From: Eliezer Yudkowsky (firstname.lastname@example.org)
Date: Tue Aug 10 2004 - 02:36:23 MDT
Samantha Atkins wrote:
> Anyone can slap together conclusions they desire to belief and claim
> they all fit together in a well formed and well supported whole. The
> TOE that can be thus written is not the TOE.
> Starting by statement axioms is fine if the axioms actually have some
> clearly and foundational meaning. But how the hell does some blather
> like "All reality is a manifestation of pure mathematics" qualify?
> What do you mean by "pure mathematics" and "manifestation" in that
> incredible construct? For a philosophical system the starting axioms
> should be irreducible, not general conclusions, hypothesis or theories
I don't claim to know how or why it is so, but it seems obvious enough that
our physical universe is a manifestation of that which we name
"mathematics" - maybe even in the sense of our physical universe being a
model which satisfies an axiomatic system, but I'm still studying
mathematical logic so it's too early for me to speculate coherently about that.
Geddes credits the speculation that all is math and all math exists to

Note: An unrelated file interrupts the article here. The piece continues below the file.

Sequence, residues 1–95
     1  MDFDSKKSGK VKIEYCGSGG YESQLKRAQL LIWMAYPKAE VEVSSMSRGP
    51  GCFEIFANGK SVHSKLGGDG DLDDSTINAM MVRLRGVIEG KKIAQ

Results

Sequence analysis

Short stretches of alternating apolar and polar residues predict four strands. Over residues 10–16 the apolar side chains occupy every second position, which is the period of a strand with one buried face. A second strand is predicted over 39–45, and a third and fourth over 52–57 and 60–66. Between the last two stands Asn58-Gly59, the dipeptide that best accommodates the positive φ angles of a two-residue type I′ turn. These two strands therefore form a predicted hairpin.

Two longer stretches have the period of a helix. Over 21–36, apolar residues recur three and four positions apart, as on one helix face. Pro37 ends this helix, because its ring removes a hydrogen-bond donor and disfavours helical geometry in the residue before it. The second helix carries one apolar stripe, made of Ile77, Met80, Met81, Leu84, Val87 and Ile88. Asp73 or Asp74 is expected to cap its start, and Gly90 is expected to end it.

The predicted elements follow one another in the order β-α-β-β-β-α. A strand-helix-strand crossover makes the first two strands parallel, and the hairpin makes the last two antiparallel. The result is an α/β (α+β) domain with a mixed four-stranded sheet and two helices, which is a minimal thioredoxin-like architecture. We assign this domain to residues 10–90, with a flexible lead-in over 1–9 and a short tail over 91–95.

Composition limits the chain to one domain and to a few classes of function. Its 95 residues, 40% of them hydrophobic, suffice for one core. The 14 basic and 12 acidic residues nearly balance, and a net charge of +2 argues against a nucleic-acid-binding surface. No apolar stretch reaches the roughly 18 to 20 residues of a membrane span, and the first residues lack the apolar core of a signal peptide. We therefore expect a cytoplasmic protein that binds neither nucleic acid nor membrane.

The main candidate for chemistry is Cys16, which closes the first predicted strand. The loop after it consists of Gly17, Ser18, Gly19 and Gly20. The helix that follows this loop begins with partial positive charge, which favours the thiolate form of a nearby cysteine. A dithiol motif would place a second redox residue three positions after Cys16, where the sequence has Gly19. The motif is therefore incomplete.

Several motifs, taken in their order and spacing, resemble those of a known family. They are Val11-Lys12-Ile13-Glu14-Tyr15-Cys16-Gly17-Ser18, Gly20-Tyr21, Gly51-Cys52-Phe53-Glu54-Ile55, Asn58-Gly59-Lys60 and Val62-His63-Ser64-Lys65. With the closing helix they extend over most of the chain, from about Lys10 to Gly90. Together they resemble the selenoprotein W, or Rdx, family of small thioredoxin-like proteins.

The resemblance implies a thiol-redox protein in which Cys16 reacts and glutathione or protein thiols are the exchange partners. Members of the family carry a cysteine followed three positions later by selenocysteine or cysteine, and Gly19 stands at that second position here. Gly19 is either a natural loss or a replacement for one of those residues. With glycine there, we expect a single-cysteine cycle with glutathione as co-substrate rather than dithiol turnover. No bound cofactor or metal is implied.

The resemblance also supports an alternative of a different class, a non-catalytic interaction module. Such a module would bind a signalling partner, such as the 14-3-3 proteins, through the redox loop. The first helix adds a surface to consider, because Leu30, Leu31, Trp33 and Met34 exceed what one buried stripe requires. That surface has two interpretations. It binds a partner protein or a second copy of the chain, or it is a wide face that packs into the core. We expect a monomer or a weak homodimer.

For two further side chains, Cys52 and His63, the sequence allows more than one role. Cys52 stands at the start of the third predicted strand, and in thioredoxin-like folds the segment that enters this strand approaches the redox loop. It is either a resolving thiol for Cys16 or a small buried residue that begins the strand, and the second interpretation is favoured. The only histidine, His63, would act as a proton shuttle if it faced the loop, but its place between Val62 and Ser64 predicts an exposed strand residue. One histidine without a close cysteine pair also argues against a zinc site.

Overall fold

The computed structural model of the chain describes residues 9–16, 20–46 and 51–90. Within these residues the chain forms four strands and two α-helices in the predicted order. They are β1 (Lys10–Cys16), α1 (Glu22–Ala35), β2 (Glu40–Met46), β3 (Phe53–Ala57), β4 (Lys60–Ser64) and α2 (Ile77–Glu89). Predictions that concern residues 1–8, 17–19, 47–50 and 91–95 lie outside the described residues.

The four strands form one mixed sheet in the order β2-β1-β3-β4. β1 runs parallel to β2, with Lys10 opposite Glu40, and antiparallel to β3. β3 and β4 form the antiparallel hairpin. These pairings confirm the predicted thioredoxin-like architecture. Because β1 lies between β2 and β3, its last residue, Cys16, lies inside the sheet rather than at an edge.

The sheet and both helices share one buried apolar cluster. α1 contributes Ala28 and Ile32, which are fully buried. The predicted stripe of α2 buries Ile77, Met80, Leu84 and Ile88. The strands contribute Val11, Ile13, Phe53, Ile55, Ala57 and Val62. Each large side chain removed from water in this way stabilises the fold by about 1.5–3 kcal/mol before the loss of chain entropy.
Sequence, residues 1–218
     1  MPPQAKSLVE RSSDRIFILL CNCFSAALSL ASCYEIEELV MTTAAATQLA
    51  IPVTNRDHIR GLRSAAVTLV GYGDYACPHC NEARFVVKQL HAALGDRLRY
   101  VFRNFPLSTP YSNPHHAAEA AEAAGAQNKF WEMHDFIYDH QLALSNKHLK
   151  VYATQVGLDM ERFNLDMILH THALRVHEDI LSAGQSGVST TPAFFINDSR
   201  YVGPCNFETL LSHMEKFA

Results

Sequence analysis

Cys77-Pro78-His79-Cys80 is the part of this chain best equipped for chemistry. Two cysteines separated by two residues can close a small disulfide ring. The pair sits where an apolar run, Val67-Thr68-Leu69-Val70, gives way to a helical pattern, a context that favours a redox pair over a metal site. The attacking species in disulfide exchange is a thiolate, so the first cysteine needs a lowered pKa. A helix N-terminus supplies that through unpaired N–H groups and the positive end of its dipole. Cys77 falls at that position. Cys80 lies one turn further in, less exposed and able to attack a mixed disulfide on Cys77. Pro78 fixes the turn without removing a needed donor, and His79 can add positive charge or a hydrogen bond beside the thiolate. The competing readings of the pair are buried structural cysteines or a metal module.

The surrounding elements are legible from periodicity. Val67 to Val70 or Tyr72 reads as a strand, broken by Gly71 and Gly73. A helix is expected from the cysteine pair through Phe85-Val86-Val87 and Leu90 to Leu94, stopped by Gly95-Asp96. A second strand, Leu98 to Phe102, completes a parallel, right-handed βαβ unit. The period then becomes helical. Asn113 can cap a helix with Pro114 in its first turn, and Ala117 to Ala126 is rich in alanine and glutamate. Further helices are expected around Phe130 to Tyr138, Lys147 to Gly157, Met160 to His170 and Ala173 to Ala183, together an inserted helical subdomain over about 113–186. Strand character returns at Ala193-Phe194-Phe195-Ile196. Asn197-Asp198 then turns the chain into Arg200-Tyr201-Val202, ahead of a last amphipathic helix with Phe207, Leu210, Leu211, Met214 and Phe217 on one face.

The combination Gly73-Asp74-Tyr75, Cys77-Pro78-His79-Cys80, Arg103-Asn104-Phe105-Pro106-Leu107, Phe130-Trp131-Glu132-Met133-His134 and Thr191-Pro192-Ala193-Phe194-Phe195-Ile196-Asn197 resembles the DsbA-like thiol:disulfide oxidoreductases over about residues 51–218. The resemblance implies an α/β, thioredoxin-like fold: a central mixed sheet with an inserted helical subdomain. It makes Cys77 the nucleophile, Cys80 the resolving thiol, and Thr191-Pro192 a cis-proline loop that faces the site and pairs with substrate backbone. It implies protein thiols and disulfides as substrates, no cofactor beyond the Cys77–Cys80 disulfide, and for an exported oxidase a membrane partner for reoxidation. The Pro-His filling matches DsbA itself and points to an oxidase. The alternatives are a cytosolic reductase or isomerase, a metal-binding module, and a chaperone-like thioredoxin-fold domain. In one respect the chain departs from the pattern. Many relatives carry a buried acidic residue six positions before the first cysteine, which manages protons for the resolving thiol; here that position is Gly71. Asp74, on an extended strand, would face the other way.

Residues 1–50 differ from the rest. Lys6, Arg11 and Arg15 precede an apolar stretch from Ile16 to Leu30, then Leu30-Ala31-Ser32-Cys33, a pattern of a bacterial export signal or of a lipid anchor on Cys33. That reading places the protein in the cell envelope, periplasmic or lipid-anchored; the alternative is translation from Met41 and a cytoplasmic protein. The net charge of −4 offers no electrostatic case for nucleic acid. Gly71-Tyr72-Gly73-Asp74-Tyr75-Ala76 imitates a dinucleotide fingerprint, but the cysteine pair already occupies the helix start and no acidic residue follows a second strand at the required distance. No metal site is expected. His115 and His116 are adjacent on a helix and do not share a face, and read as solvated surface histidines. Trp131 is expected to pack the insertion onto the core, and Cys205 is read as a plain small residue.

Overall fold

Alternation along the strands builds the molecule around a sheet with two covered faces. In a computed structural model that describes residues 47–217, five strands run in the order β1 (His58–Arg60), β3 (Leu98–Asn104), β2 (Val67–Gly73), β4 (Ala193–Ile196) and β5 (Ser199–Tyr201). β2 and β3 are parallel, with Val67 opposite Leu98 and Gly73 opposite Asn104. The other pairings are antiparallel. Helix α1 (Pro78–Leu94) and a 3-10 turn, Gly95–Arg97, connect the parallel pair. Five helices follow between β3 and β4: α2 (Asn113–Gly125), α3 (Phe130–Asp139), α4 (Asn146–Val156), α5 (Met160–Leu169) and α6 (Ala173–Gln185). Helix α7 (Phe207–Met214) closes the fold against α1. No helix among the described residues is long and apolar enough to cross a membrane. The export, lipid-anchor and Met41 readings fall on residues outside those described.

Tegmark, Geddes didn't make it up himself. Nor did Tegmark devise it; if I
recall correctly "all is math" goes back to Pythagoras, and I don't know
who first speculated that everything exists. I agree that a statement like
"all is number" is unsuitable for use as an axiom, but Geddes did not call
it an axiom. It would only be an "axiom" if Geddes were making logical
deductions conditional upon it, without asserting that the axiom itself
were true or false. In modern-day mathematics, axioms are strictly empty
of empirical content. That's what makes them axioms. (All the more
ironic, then, if our universe is a model satisfying an axiomatic system;
everything that we call an "empirical" fact would simply be a consequence,
relative to our location, of the axioms in which we happen to be embedded.)
Those who believe the universe is math are driven to that conclusion by
the astonishing empirical suitability of math as a system for describing
the universe and the internal consistency of physics - it's clear that this
is a very basic thing, but to call it an axiom is inappropriate. That is
not the right name for basic things we don't understand.
Incidentally, Geddes's statements about MWI in QM are wrong. MWI does not
interact with the "everything exists" hypothesis, nor is MWI *in QM* a
consequence of the "everything exists" hypothesis.
Also, Geddes, kindly do not call it "Yudkowsky's arrow of morality" for I
never said such a thing.
-- Eliezer S. Yudkowsky http://intelligence.org/ Research Fellow, Singularity Institute for Artificial Intelligence
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